LONDON, ONT -- When Ontario Premier Doug Ford took to the podium Saturday for a rare weekend news conference, he may have been speaking to Western University students when he delivered a stern message.

"We can’t have these wild parties right now. It’s way, way too risky," Ford said.

Ford was at Queen's Park to announce the entire province will be scaling back the size of social gatherings.

Effective immediately, new gathering sizes will be capped at 10 people indoors and 25 people outdoors for at least the next 28 days. The previous gathering limits were 50 people indoors and 100 people outdoors.

The new limits come just a day after both London Mayor Ed Holder and the local medical officer of health made the plea to be included in the restricted regions.

"It's great to see on a Saturday there is a major provincial policy change," says Dr. Chris Mackie, the medical officer of health for the London-Middlesex Health Unit.

The restrictions do not apply to events or gatherings held in "staffed businesses" or facilities such as movie theatres, banquet halls, gyms or convention centres. Those facilities can still have 50 people indoors as long as people maintain proper physical distance from anyone outside their 10-person social circle.

The new rules also do not apply to places of worship or wedding ceremonies, although large receptions held in private residences, backyards or parks will fall under the gathering limits.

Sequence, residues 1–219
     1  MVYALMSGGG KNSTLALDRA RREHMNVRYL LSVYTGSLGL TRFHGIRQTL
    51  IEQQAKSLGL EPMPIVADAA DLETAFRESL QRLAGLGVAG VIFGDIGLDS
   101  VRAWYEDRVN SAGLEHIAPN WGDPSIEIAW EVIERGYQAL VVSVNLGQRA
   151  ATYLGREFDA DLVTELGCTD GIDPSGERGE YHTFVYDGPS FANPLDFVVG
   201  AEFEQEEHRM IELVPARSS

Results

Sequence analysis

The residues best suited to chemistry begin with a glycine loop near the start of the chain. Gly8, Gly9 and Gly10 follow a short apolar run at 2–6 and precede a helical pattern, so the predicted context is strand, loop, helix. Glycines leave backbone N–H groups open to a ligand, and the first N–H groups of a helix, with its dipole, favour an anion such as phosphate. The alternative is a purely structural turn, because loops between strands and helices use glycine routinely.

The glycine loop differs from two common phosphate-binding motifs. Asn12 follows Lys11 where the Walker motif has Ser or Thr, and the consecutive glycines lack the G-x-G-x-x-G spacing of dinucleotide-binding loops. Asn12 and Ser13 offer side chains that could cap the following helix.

Holder stressed it does apply to anyone thinking of getting together over the next month. "This applies to everyone whether you are a Western or Fanshawe student or someone who is planning a big family gathering," says Holder.

"Please, if there is a time to pay mind it's now. For those that don't get it, fines are hefty and they are serious and will be laid."

Those who organize or host illegal social gatherings can be fined a minimum $10,000, while those who attend such parties and gatherings can be fined $750. Both the city and the health unit will be clamping down.

Holder says municipal bylaw officers will be ready.

"The MLHU inspectors and the police will both be out. A lot of people are paying attention now."

Mackie says the problem is predominantly post-secondary students. "We'll be working with Western, and we are asking people in that community to supporting others and report violations to us," says Mackie.

"Public health inspectors can take reports and follow-up in real time. We've also shifted schedules so people can work in evenings when this activity is happening. We’ll be prepared and on top of it."

The new restrictions come into place just a week ahead of the annual FOCO party on Broughdale Avenue. Holder hopes students act like they did on St. Patrick's Day at the beginning of the pandemic.

"Students were attentive, paid mind and respected what had to be done," says Holder.

Earlier this week Western University President Alan Shepard said the outbreak numbers were "very concerning." The conduct would have to be egregious and affect the health and safety of someone else before the university could respond.

Speaking during a briefing on Thursday, Shepard added, “We do expect our students to comply with the rules of public health…and we do have a code of conduct we can implement if people continue to break the rules.”

However Mackie said Saturday he hopes the four positive cases down from 13 the previous day are a sign of things going in the right direction. "We did see dramatic change after outbreak announced this week," says Mackie. "Hopefully that's what is playing out in the numbers."